A few minutes later, I was straightening the living room and refolding a scattered newspaper when a full-page announcement of a coin-collectors/evaluation event the next day caught my eye. What a coincidence (no pun intended)! Maybe he could find out what his coins were worth.

Meanwhile, we decided to take the bag of loose change to a coin-counting machine at a local supermarket. We were studying the screen displays to see how it worked when a young man approached with what looked like a 3 ft. coke bottle filled up about a fourth of the way with quarters and other change. We let him go first so we could watch.

"That must be $300 worth of coins!" I exclaimed. He said they were a month's worth of tips from his job at a restaurant. We watched as he poured the money into a tray, then tilted the tray into the machine. It took several trays full before he was finished. His grand total was $280, so I was pretty close. Then he got a cash voucher, telling us to take ours to customer service to present for currency in the amount of our coins, minus a 9% counting fee. (Come to think of it, my guess was almost on the money, before the deduction!) Well, we had only $10, but it was fun, anyway.

What would we do without money? Of itself, it is worth nothing, especially paper money. But when the serial numbers go on, it is accepted as a medium of exchange. That is the final step that changes it from worthless paper to something of value. Then it is known as "fiat", a Latin word for, "Let it be done." I learned that when visiting the U.S Bureau of Engraving and Printing in Fort Worth, Texas last summer.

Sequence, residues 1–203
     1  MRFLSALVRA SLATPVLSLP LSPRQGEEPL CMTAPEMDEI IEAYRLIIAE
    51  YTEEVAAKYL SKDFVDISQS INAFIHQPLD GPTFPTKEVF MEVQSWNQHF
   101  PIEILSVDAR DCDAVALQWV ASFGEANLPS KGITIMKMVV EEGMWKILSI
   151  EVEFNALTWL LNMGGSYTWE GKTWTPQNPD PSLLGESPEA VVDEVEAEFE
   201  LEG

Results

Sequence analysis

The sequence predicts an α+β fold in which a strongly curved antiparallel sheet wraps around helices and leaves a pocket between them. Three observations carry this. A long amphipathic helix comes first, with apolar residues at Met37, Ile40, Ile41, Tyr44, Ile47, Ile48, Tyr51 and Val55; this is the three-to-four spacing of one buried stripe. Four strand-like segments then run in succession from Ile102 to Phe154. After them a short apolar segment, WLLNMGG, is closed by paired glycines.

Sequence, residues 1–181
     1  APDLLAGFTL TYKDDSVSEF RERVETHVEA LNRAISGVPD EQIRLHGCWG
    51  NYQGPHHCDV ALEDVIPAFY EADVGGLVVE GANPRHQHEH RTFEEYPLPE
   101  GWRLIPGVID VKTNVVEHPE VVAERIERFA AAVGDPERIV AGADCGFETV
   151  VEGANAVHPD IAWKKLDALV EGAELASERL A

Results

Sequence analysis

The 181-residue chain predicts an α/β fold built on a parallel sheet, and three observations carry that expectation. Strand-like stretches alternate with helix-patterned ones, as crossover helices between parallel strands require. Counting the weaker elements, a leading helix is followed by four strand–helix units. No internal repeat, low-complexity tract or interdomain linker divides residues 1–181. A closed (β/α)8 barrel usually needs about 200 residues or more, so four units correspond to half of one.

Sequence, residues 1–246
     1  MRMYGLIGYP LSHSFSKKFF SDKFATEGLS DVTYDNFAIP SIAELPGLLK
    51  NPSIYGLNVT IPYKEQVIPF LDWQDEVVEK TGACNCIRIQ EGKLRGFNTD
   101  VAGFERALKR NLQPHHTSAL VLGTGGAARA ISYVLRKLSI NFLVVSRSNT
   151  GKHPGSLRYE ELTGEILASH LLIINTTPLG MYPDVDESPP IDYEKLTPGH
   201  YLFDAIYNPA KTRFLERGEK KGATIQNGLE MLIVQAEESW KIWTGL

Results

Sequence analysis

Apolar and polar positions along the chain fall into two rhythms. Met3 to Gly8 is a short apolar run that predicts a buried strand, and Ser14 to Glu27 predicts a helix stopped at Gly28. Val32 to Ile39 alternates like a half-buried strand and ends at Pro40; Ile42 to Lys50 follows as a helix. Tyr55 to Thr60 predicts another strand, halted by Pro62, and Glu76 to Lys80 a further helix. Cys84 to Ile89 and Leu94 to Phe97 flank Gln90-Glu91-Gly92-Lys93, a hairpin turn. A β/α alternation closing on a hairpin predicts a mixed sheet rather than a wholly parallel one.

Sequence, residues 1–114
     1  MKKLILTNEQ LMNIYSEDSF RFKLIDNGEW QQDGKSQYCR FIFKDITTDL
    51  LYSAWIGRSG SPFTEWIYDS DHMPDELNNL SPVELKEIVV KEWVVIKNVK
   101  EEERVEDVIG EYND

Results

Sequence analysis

Another word that represents a medium of exchange is our salvation. We traded our sins for salvation when Jesus applied the blood of the cross, our Medium of Exchange, to them. "It is finished," Jesus said. Fiat: Let it be done. It was His signature written in blood, putting all the power and authority of Heaven behind the authenticity of our redemption. Just as the serial numbers were stamped on the money, so He has set his seal upon us if we have traded our sins for salvation. Ephesians 1:13-14, II Corinthians 1:22. The lost was found.

Saturday, March 3, 2012

The Need to Read

"Look what I found!" my husband called excitedly as he came in from from an errand with our son the other day. He had a Bible commentary under his arm and an old video of "A Man Called Norman", something we had enjoyed 20 years ago. Greg likes junk shops and old book stores, so he had taken his father to one. "I got all this for $1!" Howard went on.